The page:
Paris, France, 6 June 2014 | Matt Trollope

Sam Groth’s fairytale run in the men’s doubles with Kazakh partner Andrey Golubev has ended in the semifinals at the hands of French pairing Julien Benneteau and Edouard Roger-Vasselin.

The No.11 seeds came through a tight contest to triumph 3-6 6-3 6-4 on Court Suzanne Lenglen on Thursday, advancing to the final where they’ll meet 12th seeds Marcel Granollers and Marc Lopez of Spain.

Groth and Golubev found themselves up 3-1 and 40-0 in the final set, but narrowly missed a volley and a backhand and had to contend with some inspired, improvised play from the French pairing, who ultimately broke back in that fifth game and clawed back the deficit.

Despite the outcome, Groth recognised the magnitude of his achievement in Paris.

“It’s a big step forward for me … it’s May and I’m going to be career-high singles and doubles (in the rankings) come Monday. For me (reaching) the last round of quallies in singles, I’ve never made that in any Grand Slam and I guess to do it on clay for me is a good effort,” he said.

“(Then in doubles) semifinals of a Grand Slam and playing on Suzanne Lenglen, it’s a great feeling … it’s the highlight of my career so far.”

Although they were unseeded, perhaps the more surprising element to Groth and Golubev’s progression through the draw was the fact it was their first time playing together.

Groth was originally planning to play the event with fellow Aussie Matt Ebden, but their combined doubles ranking meant they just missed the cut-off for entry into the draw. It was exactly the same scenario for Golubev with his original partner, and so he and Groth joined forces at the eleventh hour.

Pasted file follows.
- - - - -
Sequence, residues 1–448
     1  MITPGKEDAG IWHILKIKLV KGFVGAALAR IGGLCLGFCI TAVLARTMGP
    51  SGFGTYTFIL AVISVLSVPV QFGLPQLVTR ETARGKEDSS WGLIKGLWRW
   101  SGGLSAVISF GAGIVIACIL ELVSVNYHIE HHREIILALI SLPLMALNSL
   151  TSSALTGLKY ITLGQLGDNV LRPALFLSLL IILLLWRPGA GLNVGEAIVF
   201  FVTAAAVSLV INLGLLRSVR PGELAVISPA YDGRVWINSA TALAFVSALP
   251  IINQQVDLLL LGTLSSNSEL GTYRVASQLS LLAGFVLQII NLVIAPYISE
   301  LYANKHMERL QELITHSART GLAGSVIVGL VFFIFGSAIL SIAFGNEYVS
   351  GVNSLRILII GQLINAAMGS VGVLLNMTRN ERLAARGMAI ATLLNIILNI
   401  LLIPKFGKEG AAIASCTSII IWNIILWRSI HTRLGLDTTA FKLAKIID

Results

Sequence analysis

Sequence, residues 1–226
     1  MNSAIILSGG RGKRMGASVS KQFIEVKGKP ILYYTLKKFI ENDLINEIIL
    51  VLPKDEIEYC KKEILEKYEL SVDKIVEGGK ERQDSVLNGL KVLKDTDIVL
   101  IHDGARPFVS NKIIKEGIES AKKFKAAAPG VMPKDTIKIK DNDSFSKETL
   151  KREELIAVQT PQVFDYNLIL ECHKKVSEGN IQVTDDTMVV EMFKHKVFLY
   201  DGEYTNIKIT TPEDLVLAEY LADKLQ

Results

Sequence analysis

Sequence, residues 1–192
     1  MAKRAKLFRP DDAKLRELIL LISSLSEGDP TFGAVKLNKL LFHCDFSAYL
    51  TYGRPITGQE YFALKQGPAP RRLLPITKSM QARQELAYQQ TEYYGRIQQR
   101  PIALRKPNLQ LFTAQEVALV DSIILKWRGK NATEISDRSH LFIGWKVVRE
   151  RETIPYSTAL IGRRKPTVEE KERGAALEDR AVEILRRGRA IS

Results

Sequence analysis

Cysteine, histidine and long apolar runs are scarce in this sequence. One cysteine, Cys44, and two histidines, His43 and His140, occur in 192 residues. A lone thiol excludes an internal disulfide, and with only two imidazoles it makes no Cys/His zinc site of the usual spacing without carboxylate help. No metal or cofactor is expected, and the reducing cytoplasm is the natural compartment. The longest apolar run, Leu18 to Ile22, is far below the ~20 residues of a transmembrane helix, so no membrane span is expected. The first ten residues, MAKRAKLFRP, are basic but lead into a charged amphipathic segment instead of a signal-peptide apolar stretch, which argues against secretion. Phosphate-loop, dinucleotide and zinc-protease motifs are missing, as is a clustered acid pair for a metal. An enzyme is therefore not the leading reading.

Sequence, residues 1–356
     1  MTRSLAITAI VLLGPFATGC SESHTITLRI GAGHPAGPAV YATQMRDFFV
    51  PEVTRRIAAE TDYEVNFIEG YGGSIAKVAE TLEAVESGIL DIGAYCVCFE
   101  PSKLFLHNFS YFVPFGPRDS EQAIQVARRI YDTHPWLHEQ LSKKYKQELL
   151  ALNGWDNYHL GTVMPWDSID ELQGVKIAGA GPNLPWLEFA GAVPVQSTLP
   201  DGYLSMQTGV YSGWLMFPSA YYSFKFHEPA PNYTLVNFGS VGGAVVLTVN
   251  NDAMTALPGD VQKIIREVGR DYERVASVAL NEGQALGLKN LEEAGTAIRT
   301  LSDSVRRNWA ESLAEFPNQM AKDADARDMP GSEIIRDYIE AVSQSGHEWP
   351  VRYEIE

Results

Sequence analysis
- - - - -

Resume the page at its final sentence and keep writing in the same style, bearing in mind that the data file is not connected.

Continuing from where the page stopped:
And with Golubev preparing for his first round singles match against Andy Murray and the pair’s doubles match scheduled for the very next day, they only first stepped on court together when they warmed up about an hour prior to their match.

“Even on our off days I’d work with my coach and he’d work with his coach, and apart from warm-ups and matches we’d never step on the court (together) … we actually didn’t have a practice session together,” Groth revealed.

So what made them click so well?

“The clay’s a slow surface and I think we both have quite a lot of firepower, and I think we both gave guys a lot of trouble,” he said.

“Andrey hits very big and I’m serving big and covering the net, and I think we were both a little fearless and (had) nothing to lose for the tournament. Even today we had our chances. I think it was a pairing that worked really well; we got along really well, we were both really relaxed and just enjoying it out there.”

Groth and Golubev proved the giant-killers in the draw, upending fourth seeds and reigning ATP World Tour Finals champions David Marrero and Fernando Verdasco in the second round, before overcoming current Australian Open champions and ninth seeds Robert Lindstedt and Lukasz Kubot in the quarterfinals.

And they came so close to pulling off another upset in the semis. “It’s just the way it is. I guess we didn’t quite take our chances and they did,” Groth lamented.

For Groth, there’s barely any time to celebrate his latest milestone; tomorrow he’s hopping aboard a train for Great Britain and will begin his grasscourt preparations at the ATP Challenger in Nottingham. In doubles both there and at Wimbledon, he’ll team with Ebden.

“It might have been nice to play with Andrey (again) but I’ve committed to Matt,” he said.

“Matt and I have played well together before, we had match points on the Bryans (at Houston) earlier in the year so we’ll get over and do our thing.”